Right-Wing Psychiatry, Love-Me Liberals and the Anti-Authoritarian Left

Drawing by Nathaniel St. Clair

“In every American community you have varying shades of political opinion. One of the shadiest of these is the liberals. An outspoken group on many subjects, ten degrees to the left of center in good times, ten degrees to the right of center if it affects them personally.”

—Phil Ochs, Introduction to “Love Me, I’m a Liberal” on the live album, Phil Ochs in Concert (1966)

Many self-identified liberals are far more than “ten degrees to the right of center” with regard to psychiatry. With the 1980 election of Ronald Reagan, and then even more so following 9/11 in 2001, the United States has swung so far to the right that many self-identified liberals embrace, often unwittingly, a right-wing view in many aspects of society, including psychiatry.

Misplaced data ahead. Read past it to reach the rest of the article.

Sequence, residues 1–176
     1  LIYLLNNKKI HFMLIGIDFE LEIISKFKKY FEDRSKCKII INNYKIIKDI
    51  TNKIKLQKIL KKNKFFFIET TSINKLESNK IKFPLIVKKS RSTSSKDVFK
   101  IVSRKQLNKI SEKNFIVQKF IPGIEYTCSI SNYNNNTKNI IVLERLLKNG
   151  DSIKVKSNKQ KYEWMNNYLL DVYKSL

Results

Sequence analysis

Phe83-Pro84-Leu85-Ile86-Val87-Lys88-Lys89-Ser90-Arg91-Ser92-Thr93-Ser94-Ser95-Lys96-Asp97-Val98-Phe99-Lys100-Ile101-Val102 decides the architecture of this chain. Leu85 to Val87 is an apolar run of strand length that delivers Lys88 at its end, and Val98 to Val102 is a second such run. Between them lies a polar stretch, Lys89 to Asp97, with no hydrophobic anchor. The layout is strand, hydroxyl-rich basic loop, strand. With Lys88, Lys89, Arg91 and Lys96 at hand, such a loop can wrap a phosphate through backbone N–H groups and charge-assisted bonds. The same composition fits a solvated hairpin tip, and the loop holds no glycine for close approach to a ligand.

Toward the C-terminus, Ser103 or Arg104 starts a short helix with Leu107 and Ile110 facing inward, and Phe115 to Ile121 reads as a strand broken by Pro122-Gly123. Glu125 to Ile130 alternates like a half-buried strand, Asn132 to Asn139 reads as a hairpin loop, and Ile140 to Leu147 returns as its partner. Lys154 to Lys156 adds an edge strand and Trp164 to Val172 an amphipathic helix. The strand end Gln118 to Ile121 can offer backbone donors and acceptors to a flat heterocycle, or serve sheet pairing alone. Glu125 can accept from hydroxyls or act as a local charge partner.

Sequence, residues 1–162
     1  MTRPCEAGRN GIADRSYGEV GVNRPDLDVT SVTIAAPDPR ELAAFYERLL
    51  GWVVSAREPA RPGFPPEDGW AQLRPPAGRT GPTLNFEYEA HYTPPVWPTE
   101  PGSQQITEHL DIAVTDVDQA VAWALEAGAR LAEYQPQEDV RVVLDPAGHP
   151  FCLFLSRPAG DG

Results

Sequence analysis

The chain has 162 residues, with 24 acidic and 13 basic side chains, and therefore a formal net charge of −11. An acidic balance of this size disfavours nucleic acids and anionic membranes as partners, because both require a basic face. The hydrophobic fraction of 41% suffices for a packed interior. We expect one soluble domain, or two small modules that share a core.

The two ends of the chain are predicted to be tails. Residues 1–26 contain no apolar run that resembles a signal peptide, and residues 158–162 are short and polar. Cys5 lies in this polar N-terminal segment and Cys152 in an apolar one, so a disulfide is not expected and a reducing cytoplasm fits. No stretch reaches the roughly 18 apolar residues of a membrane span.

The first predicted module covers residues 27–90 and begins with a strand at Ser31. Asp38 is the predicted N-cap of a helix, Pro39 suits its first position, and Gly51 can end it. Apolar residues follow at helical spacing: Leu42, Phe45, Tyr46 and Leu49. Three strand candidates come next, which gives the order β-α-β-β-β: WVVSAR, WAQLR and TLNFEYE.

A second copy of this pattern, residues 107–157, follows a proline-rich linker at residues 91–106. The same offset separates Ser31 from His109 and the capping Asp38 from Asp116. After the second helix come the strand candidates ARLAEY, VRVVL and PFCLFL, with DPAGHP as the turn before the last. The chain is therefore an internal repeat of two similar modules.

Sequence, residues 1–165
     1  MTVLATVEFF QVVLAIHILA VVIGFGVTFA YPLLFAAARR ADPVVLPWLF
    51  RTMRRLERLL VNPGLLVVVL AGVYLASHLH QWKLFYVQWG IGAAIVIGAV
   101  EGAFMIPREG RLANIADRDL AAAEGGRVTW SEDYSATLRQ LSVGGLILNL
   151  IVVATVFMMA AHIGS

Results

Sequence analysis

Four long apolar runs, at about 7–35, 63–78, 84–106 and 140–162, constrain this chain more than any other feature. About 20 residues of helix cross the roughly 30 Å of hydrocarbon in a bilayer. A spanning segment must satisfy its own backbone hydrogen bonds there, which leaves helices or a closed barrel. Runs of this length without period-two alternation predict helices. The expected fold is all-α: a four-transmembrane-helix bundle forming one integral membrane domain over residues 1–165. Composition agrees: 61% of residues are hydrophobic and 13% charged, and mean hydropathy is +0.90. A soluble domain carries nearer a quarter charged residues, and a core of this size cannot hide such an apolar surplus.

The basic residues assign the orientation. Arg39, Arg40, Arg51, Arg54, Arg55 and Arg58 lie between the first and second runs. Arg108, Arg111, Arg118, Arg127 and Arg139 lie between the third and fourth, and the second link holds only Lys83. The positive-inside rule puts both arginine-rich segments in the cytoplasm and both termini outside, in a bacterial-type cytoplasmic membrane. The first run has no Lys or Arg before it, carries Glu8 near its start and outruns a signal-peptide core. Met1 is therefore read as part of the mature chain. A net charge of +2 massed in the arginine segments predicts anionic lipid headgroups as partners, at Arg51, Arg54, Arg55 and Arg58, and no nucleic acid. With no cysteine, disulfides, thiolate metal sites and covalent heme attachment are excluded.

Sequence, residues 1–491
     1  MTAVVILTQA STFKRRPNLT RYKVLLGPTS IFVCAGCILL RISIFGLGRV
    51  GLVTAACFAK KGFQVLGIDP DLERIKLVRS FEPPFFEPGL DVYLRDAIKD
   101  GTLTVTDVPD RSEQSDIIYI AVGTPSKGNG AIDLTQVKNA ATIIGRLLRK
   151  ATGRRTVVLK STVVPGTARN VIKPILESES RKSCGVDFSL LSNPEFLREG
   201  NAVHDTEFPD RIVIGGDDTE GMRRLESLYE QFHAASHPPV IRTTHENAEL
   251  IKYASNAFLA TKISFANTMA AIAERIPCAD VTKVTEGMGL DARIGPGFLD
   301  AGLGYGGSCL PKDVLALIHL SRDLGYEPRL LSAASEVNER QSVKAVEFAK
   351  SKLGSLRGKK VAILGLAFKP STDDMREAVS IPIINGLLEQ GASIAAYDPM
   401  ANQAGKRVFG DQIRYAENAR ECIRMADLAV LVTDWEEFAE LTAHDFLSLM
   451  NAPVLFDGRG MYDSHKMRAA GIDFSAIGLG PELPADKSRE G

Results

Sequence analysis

Establishment psychiatry has historically been supported by the ruling elite in return for meeting the elite’s needs to maintain the societal hierarchy and political status quo. Psychiatry has met the elite’s needs by its various attributions—repeatedly proven to be scientifically unfounded—that emotional suffering and odd or frightening behaviors are caused by defects in individual biochemistry and genetics, rather than by trauma and societal defects created by the ruling elite.

In the past, right-wing psychiatry’s individual defect view—in combination with extreme nationalism that requires an entire population to efficiently meet the needs of its state-corporatist…

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